Burma protesters 'beaten'
An activist holds a poster of pro-democracy opposition leader Aung San Suu Ky during protests in Rangoon. Photo: Reuters September 26, 2007 - 3:44PM
Witnesses say police beat about 700 anti-junta protesters with batons to break up a crowd including students and some Buddhist monks near a pagoda in Burma's main city Rangoon.
The witnesses told AFP that only monks were allowed to enter the Shwedagon Pagoda, where they had gathered for prayers before their earlier marches.
Soldiers sealed off the smaller Kyay Toon pagoda, near the eastern entrance to Shwedagon, where supporters had brought food and water for the monks before previous marches.
Meanwhile, the headquarters of Aung San Suu Kyi's opposition party was under guard by riot police, as the ruling junta rolled out a heavy security presence to stifle mass demonstrations.
Witnesses said that a covered police truck, with some 30 armed riot police sitting inside, stood 100 metres from the ramshackle National League for Democracy (NLD) headquarters in central Rangoon.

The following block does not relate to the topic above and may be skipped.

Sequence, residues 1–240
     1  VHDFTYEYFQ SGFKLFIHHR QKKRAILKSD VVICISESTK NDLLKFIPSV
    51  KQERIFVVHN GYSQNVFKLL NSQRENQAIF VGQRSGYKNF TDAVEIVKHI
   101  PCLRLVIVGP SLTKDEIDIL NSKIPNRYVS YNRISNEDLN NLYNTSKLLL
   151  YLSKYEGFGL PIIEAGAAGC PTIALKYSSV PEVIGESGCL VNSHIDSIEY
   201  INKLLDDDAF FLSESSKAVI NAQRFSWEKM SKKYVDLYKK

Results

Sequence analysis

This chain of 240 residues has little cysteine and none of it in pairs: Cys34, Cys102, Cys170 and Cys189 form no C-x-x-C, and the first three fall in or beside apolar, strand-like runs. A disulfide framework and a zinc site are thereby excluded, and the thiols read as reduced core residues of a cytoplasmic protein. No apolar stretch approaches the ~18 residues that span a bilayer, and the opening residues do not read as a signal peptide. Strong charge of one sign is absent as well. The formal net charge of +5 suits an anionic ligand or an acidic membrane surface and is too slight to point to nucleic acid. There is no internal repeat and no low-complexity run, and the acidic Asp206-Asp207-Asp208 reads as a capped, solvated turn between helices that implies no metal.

About 30 members of the party were waiting outside the building, apparently ready to join any fresh protests despite stiff government warnings against a new public display of defiance against the regime.
Yesterday, dozens of NLD members also gathered outside the building before joining the throngs of demonstrators, led by Buddhist monks, which swelled to 100,000 and swept through the city in the eighth straight day of protests.
Large contingents of students also joined the march, carrying the red flags emblazoned with yellow peacocks that symbolise the NLD and pro-democracy leader Aung San Suu Kyi, who is under house arrest.
The NLD joined calls for a peaceful resolution to the demonstrations, which have grown into a nationwide movement that poses the most potent challenge to the junta's rule in 20 years.
"We can definitely solve these matters because of our recent condition and the general crisis in our country. The only way is through peaceful dialogue," it said in a statement yesterday. smh.com.au